Egyptian tradition of painting Hajj pilgrims’ homes lives on

Egyptian tradition of painting Hajj pilgrims’ homes lives on
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Egyptian tradition of painting Hajj pilgrims’ homes lives on
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Updated 11 August 2019

Egyptian tradition of painting Hajj pilgrims’ homes lives on

Egyptian tradition of painting Hajj pilgrims’ homes lives on
  • The pilgrimage season was one of the most important occasions on a calligrapher’s calendar with Hajj pilgrims hiring them to write and draw on their homes
  • Each artist uses their own unique style to portray modes of transport such as camels, planes and ships, holy sites like the Grand Mosque in Makkah, and passages from the Qur’an

CAIRO: An Egyptian tradition of painting the homes of Hajj pilgrims with religious verses and images continues to withstand the passage of time.

The pilgrimage season sees calligraphers and painters busy sketching the journeys of worshippers on the front walls of houses in villages, towns and cities throughout the country.

Each artist uses their own unique style to portray modes of transport such as camels, planes and ships, holy sites like the Grand Mosque in Makkah, and passages from the Qur’an.

Ahmed Sayed Ahmed, 30, is one of the most well-known calligraphers in the Ghouria area of central Cairo, where he has worked for more than 15 years.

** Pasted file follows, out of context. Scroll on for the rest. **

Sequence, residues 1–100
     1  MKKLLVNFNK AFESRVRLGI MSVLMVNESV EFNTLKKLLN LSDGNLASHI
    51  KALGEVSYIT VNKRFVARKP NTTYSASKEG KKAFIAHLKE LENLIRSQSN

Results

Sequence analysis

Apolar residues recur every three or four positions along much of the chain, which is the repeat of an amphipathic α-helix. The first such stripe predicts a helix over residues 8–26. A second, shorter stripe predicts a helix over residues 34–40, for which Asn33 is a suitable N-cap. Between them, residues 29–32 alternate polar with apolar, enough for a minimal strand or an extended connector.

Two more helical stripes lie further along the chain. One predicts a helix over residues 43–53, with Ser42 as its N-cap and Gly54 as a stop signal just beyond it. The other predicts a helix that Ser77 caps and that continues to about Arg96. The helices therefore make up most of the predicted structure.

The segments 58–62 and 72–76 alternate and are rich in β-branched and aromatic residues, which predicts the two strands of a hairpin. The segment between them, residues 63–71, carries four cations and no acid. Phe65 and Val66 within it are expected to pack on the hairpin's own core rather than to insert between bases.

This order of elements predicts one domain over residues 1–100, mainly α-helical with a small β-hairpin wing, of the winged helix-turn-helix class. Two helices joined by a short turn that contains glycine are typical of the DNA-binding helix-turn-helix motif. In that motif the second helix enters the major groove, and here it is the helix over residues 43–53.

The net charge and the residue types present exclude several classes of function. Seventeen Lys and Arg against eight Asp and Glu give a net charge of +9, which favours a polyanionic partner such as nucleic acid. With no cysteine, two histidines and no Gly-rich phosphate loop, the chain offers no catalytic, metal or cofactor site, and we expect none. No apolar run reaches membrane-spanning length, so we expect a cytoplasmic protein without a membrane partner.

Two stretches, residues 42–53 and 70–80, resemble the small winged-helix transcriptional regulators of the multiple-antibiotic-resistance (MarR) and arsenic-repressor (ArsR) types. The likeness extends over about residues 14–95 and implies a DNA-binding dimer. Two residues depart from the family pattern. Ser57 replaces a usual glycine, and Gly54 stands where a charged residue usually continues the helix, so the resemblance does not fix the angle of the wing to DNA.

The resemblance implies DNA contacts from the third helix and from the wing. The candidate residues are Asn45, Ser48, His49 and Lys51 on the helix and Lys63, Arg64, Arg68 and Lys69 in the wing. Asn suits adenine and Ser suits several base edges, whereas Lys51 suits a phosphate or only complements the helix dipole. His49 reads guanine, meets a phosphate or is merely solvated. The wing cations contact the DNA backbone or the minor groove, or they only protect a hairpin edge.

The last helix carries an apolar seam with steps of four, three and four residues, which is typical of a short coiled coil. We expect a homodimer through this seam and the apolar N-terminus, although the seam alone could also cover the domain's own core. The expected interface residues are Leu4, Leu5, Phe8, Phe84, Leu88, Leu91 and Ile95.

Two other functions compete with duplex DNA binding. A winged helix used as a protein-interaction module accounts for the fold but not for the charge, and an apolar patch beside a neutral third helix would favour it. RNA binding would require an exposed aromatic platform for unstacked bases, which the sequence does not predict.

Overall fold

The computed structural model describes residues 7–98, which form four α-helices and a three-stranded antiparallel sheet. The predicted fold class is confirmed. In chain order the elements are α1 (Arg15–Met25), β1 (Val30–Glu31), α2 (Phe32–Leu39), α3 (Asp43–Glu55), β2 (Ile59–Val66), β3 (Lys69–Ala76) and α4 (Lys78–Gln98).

He told Arab News that the decoration process began with painting walls white to create a clean canvas for the artwork which usually included the name, gender and age of the person performing the pilgrimage.

Gamal Al-Arabi, another calligrapher and painter from Cairo, said that the tradition was still popular among Egyptian Muslims. Raised in Abnoub in Assiut governorate, he studied Arabic calligraphy for two years in Cairo and later traveled to Saudi Arabia where he worked as a calligrapher and painter.

He said that the pilgrimage season was one of the most important occasions on a calligrapher’s calendar with Hajj pilgrims hiring them to write and draw on their homes.

“In some desert villages they draw the camel, for example, and pilgrims around the Kaaba or during prayer. Recently, the majority of drawings involve ships and planes, but paintings of the Kaaba and the sacred house of God are fundamental,” Al-Arabi added.

He pointed out that his favorite fonts for Islamic inscriptions were diwan and rekea because they were easy to read.